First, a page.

non- const version of display( ) function is provided only for
chaining. The const version of display( ) function is provided to be
called on const Test objects. Given this, I have the following
questions: 1)Is it advisable to overload a function like display( )
only on
const (everything else being the same for this function) for chaining
purpose when it does not modify the data members of the object

2) When is overloading a function, only on const inevitable ?

seeing your subject,
it's not overloading, const/non-const members are totally functions
(different signature).

It's overloading as long as the *name* of the function is the same
and they are both declared in the same *scope*.

Yeh, you are right.

I has one rule in mind : we can't overloaded a function only by return
type.

But the compiler treats const/non-const member functions specially

Type1 A::func(A * this, ...);
Type2 A::func(A const* this, ...);

I did check /overload/'s definition.
When two or more different declarations are specified for a single name
in the same scope, that name is said to be overloaded.

struct A
{
int i;
};

struct B : A
{
int i; // overload if I get the standard right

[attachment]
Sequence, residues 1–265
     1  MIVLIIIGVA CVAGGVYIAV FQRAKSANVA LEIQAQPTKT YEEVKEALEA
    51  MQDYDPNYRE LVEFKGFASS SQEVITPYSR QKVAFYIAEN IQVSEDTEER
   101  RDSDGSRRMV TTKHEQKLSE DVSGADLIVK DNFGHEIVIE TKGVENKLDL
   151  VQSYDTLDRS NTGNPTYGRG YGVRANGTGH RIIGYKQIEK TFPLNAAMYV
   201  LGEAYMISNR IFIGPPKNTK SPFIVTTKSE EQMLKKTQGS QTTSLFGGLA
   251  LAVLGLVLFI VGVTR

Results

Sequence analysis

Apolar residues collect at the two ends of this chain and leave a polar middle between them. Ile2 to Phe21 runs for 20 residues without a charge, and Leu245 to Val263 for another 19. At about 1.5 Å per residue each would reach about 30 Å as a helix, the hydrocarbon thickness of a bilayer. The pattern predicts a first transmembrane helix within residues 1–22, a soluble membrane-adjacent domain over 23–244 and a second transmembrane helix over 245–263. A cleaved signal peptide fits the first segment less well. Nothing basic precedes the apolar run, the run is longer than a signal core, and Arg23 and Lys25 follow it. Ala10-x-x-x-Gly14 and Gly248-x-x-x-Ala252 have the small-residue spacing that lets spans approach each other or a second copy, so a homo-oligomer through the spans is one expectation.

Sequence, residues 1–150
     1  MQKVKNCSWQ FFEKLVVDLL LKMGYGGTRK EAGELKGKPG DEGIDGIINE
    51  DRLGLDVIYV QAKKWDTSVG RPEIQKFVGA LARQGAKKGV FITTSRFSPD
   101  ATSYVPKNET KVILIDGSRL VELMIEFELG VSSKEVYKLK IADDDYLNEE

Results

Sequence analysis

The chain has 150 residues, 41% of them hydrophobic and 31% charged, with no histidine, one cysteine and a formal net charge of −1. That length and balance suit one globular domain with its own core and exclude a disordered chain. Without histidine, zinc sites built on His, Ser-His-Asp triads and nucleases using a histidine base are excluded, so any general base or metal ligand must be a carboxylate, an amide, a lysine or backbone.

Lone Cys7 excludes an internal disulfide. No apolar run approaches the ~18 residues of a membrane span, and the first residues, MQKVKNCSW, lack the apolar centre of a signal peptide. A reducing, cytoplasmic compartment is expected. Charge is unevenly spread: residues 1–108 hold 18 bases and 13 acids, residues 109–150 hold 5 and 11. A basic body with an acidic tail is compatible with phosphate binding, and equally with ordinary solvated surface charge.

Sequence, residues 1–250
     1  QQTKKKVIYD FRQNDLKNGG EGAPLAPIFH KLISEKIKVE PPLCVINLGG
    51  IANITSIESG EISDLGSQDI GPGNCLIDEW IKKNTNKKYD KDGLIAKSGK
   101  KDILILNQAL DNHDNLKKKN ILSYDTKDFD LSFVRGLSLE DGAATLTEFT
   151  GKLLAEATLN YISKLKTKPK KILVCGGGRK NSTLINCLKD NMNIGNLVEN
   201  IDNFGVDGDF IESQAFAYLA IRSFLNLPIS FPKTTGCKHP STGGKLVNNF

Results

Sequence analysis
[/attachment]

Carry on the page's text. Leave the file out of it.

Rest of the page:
Sorry, again, not the same *scope*
}


--
Thanks
Barry
Sep 18 '07 #9

P: n/a
On Sep 18, 6:02 pm, "Victor Bazarov" <v.Abaza...@comAcast.netwrote:
2) When is overloading a function, only on const inevitable ?

When you need different behaviour.

V
--
Please remove capital 'A's when replying by e-mail
I do not respond to top-posted replies, please don't ask
Kindly explain what is meant by behaviour of a function ? Does it mean
the task performed by a function - say for example finding the square
root of a function ?

Kindly give the body of a function explaining what is meant by
behaviour of a function.

Thanks
V.Subramanian

Sep 19 '07 #10

P: n/a
su**************@yahoo.com, India wrote:
On Sep 18, 6:02 pm, "Victor Bazarov" <v.Abaza...@comAcast.netwrote:
>>2) When is overloading a function, only on const inevitable ?

Kindly explain what is meant by behaviour of a function ? Does it mean
the task performed by a function - say for example finding the square
root of a function ?
One typical example of a non-const and a const member function doing a
"different" thing is the begin() member function of STL containers: If
you call the non-const version it will return an 'iterator' (which
allows you modifying the element pointed by the iterator) but if you
call the const version it will return a 'const_iterator' (which will not
allow modification).

The implementations of these two functions are basically different:
They instantiate and return completely different classes.
Sep 19 '07 #11